Google Analytics is one solution. It’s a free tool many companies use to enhance search engine optimization. Google Analytics helps aggregate, track, manage and explain how a user’s website is being searched. One important component that businesses often overlook is key word selection. What clients type into search tool bars often does not match the key words businesses insert into their web pages. Tools such as Google Analytics and WordStream list what key words are being used by potential clients, explaining why a company’s page rank is lower than their competitors. Narrowing the choice of key words to indicate a unique product or service offered by a company, filters search users and increases clicks.

What about popular social media sites such as Twitter, Facebook and LinkedIn, boasting millions of users? Roy Pereira’s advertising technology company Shiny Ads relies on search engine optimization and social media to generate 90% of their inbound revenue. Pereira has moved on from using traditional marketing focused on micro websites and trade shows that he claims are no longer effective.

“Twitter is fantastic. It’s all text and it is all very searchable. It’s a great way to increase an awareness of what you’re up to as well as what your product is. Sending out a press release or [posting] the title of your press release on Twitter is alright, but it’s… a little spammy… [This] is so much more natural,” Pereira commented.

Tools such as Twitter reveal individual voices and personalities of those employees who represent a company, encouraging an open and honest relationship with potential clients, something that has now come to be expected in everyday business practice.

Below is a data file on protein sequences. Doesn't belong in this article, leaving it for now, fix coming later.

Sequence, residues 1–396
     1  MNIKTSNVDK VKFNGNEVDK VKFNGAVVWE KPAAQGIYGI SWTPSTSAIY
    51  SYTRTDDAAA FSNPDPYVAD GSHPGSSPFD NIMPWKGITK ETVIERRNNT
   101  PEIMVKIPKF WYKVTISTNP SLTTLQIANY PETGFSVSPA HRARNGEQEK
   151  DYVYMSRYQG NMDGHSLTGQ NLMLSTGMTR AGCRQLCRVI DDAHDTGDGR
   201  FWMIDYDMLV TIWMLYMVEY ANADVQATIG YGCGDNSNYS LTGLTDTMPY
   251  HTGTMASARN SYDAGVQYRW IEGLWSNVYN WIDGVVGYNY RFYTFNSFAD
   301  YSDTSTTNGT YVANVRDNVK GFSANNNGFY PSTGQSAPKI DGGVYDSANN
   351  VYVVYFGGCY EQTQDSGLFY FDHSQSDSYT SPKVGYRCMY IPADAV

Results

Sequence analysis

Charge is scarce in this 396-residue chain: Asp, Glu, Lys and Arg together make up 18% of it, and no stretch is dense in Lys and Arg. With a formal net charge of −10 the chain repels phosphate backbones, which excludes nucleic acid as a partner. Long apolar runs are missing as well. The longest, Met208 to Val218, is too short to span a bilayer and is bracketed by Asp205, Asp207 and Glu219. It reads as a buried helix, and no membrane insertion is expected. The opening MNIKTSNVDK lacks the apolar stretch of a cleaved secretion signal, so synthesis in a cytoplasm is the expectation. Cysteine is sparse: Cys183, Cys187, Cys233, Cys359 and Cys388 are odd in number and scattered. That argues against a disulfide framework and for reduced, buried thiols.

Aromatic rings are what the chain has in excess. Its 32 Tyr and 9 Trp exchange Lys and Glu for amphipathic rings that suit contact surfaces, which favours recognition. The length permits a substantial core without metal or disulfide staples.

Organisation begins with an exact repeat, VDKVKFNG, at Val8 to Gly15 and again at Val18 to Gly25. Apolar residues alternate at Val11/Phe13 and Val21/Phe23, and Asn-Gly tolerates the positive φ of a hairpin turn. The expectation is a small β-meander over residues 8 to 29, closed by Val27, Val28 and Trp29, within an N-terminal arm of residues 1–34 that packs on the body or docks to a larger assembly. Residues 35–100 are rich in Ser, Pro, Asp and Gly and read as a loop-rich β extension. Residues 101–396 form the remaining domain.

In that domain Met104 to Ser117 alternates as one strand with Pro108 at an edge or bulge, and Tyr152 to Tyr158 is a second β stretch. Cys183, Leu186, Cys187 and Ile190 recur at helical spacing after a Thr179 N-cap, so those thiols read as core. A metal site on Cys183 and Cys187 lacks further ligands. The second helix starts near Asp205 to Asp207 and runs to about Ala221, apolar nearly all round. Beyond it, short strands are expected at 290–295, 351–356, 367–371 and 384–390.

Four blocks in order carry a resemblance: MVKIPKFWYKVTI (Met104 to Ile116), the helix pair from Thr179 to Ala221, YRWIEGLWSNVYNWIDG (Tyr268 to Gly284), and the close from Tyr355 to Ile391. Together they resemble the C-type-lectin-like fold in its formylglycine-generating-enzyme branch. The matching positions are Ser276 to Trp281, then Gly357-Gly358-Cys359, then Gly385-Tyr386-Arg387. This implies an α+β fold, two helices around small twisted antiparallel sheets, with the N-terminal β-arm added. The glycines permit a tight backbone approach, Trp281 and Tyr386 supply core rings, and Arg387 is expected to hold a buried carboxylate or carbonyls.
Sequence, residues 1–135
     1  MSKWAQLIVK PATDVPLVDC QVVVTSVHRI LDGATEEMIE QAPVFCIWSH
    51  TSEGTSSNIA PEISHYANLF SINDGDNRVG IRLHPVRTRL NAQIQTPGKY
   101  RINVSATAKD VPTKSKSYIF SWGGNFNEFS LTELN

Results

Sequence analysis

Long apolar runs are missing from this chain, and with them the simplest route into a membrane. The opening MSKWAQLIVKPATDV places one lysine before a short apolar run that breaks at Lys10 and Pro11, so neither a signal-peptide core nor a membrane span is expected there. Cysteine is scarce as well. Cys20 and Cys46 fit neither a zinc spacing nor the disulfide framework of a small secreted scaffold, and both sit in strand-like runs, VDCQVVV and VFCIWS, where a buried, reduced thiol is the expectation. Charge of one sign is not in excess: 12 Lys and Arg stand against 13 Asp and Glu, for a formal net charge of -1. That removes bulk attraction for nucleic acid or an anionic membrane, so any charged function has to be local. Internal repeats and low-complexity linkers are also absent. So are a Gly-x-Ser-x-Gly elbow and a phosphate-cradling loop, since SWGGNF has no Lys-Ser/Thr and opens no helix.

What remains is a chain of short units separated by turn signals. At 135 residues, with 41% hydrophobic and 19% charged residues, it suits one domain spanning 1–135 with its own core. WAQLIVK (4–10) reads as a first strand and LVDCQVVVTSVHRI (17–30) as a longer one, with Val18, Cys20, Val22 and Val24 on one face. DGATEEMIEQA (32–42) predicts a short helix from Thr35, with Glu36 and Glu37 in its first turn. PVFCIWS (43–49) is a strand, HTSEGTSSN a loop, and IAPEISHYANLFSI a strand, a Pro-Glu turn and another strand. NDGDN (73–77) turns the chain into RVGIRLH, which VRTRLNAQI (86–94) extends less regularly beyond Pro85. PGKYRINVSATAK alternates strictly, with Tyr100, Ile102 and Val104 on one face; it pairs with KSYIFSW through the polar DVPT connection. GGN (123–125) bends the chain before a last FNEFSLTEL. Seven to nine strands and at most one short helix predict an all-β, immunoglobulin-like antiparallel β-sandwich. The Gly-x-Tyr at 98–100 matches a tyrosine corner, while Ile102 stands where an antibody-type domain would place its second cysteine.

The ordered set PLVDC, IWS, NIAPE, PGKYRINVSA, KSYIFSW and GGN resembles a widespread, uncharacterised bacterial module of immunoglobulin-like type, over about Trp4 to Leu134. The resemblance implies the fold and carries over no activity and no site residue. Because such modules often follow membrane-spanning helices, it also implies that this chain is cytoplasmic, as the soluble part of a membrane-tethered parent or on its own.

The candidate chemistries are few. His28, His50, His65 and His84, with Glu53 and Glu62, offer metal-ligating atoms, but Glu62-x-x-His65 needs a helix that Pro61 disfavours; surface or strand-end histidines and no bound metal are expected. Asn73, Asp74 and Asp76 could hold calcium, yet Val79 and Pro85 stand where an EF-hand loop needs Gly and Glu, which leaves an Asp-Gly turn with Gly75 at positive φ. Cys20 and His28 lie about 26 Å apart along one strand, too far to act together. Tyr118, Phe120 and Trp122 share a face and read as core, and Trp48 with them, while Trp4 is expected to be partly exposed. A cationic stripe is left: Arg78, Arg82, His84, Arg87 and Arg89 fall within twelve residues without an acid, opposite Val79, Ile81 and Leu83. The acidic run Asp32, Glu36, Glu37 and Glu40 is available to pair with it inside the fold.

The Research Innovation Commercialization (RIC) Centre and the Ontario Center for Environmental Technology Advancement (OCETA) jointly host the 10-event series, which runs from September to June 2011.  For a complete schedule visit riccentre.com.

Mary Dytyniak will be graduating from the University of Toronto with an Honours Bachelor of Arts this June 2011. She is currently finishing her major in Professional Writing and a double minor in Classics and History. Mary has published works in the fields of non-fiction, creative, journalistic, research and corporate writing. She is currently pursuing a career in the magazine and publishing sector.

The RIC blog is designed as a showcase for entrepreneurs and innovation. Our guest bloggers provide a wealth of information based on their personal experiences. Visit RIC Centre for more information on how RIC can accelerate your ideas to market.

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By Stephen Rhodes

Sometimes we think that doing what we always do will yield better results. Often, doing what we always do yields the same results and if you are not happy with those results you need to change things.

Here are five things to think about as you enter a new calendar year.

1. Review your past year for what did and didn’t work.

It’s simple, if you measure the return on your marketing program. Have a look at what worked and what didn’t. Common sense should tell us to stick with the things that are working, and try new things in place of those that are not. Don’t beat a dead horse.

2. Develop a program to measure success. Survey, measure results, ask your customers.

Ok, so you couldn’t complete the first assignment above because you don’t measure the success of your marketing program. It doesn’t have to be complicated, but you need to understand what is working and what isn’t, so track sales related to a specific campaign and compare those results to the cost of running the campaign. If it costs more to run the campaign than …I think you get the idea.

3. Look at new ways to create a dialogue with your customers. Twitter perhaps.

Some business owners are afraid to talk to their customers and that’s why social networking tools like Twitter are unattractive. Developing an ongoing dialogue with your customers can help you retool the business on the fly, responding specifically to needs identified by your customer. Try it, it’s addictive. Talking to your customers is a good thing.